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Friday, August 20, 2010

8/19 Southern California Arrival

After leaving SF very early to catch an outgoing tide on Tuesday we have been steadily sailing due south. Winds have been a little light in the early mornings but building to a wonderful 12 to 20 for essentially the whole trip. We rounded Point Conception in a 30knot wind in the wee hours this morning, day 12, the last big land mark before Santa Barbara Channel. We are hoping for a berth in Santa Barbara Harbor but will have to see when we arrive.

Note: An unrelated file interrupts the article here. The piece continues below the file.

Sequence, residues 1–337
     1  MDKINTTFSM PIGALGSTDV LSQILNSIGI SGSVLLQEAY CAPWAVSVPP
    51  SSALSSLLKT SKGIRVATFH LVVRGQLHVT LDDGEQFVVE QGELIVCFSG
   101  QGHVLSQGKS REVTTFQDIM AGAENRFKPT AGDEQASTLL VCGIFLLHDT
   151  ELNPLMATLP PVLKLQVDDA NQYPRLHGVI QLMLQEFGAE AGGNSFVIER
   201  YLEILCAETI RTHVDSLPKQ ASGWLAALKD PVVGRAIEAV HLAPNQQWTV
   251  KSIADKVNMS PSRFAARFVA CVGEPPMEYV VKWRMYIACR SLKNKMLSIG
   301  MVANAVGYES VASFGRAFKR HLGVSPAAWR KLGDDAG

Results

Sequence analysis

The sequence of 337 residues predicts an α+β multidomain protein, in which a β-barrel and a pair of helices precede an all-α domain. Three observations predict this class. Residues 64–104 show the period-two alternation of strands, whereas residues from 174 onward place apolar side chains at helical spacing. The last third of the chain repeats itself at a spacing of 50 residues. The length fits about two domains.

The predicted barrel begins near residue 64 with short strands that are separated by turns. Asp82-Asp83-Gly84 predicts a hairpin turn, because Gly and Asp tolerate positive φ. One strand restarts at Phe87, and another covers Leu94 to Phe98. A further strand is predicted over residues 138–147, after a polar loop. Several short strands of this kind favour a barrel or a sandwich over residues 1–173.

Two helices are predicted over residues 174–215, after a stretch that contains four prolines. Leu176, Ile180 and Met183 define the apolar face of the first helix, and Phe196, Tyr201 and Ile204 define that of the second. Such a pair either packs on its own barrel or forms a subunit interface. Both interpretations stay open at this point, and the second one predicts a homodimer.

We had planned on doing a little more harbor hopping once we left SF but Josh has work waiting for his UCSB Controls Engineering Doctorate Program that he is anxious to get back to. He had been hoping to do some work on the way but anything more than light reading is difficult on a long passage. So we decided to beat feat to SB where he will jump ship to get back to his work. Ryan will also be leaving us to take a train to see his sister soon after we arrive. So soon we be back to a crew of two. We will miss their company but it will also be nice to have our boat back.